Just weeks after an undercover investigation found rampant abuse and exploitation of workers at several Pegatron facilities (one of Apple’s component suppliers), now Samsung is in the spotlight. Brazil’s Ministry of Labor is suing Samsung for R$250 million ($108 million USD) for poor working conditions at its Manaus factory, which employs over 6,000 people and is the largest of Samsung’s 25 global factories. The Manaus factory supplies all of Latin America.
“Once we receive the complaint in question, we will conduct a thorough review and fully cooperate with the Brazilian authorities. We take great care to provide a workplace environment that assures the highest industry standards of health, safety, and welfare for our employees across the world,” Samsung said in a statement.
The Ministry captured video of the working conditions at Manaus over the course of three inspections starting in May 2011. The findings included employees working 10-15 hours a day standing, and some employees working 27 consecutive days without a break. Throughout 2012, there were over 2,000 cases of tendonitis, bursitis, repetitive stress injuries, and back injuries, and the factory is facing some 1,200 labor lawsuits.
Prosecutors say that workers have 32 seconds to assemble a phone and 65 seconds to assemble a TV set. One worker reportedly assembled 3,000 phones in one day.
Brazil’s Ministry of Labor is asking for $108 million, which breaks down to $19,000 per employee. The Ministry is also asking Samsung to give employees who do a lot of repetitive upper body work 10 minute breaks for every 50 minutes worked. It’s also asking Samsung to bring in furniture and work stations that will allow employees to perform their work sitting down.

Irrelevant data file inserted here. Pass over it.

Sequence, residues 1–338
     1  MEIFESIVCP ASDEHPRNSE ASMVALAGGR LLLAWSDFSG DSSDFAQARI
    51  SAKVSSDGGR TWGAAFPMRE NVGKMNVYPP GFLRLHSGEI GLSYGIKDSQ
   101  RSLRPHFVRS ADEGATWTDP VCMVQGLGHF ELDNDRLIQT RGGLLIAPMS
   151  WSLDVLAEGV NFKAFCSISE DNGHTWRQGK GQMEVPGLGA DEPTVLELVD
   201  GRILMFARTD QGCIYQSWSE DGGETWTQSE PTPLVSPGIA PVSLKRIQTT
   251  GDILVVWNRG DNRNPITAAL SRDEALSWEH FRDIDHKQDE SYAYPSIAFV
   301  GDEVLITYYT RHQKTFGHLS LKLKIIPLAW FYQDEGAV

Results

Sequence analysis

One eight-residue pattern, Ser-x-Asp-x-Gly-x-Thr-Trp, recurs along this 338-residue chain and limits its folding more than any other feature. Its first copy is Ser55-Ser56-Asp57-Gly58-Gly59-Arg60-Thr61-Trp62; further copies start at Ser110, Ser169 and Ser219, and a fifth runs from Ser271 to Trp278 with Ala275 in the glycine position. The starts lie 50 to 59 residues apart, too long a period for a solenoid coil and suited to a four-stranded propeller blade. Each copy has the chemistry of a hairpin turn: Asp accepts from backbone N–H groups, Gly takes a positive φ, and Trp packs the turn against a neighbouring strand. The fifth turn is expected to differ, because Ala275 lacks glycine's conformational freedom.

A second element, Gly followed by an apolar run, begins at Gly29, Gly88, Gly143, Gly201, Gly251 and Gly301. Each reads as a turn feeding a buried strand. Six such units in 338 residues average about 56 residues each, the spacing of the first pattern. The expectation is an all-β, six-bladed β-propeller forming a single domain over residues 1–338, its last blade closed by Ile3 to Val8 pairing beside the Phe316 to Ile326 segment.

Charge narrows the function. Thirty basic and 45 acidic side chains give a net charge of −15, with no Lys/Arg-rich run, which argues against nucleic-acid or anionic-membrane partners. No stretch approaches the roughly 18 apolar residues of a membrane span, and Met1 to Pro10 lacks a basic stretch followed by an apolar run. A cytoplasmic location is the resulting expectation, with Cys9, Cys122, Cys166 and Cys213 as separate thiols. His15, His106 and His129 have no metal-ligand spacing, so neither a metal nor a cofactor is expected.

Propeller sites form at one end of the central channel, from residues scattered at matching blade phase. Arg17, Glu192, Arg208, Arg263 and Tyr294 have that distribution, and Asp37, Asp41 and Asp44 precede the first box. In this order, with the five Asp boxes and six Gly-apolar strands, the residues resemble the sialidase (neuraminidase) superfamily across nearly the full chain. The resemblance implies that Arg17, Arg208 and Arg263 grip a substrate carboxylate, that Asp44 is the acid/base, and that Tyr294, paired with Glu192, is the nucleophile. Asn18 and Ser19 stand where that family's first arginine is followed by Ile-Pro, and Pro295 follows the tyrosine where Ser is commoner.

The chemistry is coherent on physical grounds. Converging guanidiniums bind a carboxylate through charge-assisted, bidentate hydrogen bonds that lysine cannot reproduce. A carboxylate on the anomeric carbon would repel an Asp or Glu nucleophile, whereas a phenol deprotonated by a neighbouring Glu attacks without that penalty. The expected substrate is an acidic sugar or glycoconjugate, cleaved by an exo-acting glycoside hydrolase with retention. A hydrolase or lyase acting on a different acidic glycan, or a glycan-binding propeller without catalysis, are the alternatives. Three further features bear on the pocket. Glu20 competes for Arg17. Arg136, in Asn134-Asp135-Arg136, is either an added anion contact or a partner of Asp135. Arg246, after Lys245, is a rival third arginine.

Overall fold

In August 2012, an investigation into Samsung’s supplier HEG Electronics by CLW revealed rampant child labor, in which children (many under the age of 16) are working in the same harsh conditions as adults and getting injured on the job while only making 70% of what their adult counterparts are making.
In November, the mounting reports of worker abuse compelled Samsung to perform an audit. The company said it saw no cases of underage workers, but it did find overtime violations and cases of fines imposed on employees who were late or absent. Samsung said it would demand its suppliers acquire devices to detect fake IDs and would work on a plan to prevent workers’ hours from exceeding local overtime regulations by the end of 2014.
Two weeks ago, a damning report was released by the advocacy group China Labor Watch, which revealed widespread and systemic abuses at three Pegatron facilities in China, including—but not limited to—withholding pay, confiscating workers’ ID cards (which would prevent them from being able to find work elsewhere), mandating long hours, forcing employees to work up to 14 unpaid hours a month, and more.
China Labor Watch says that electronics companies can stem the tide of worker abuses by establishing independent third party hotlines workers can call to report violations.
Image source: sammobile.com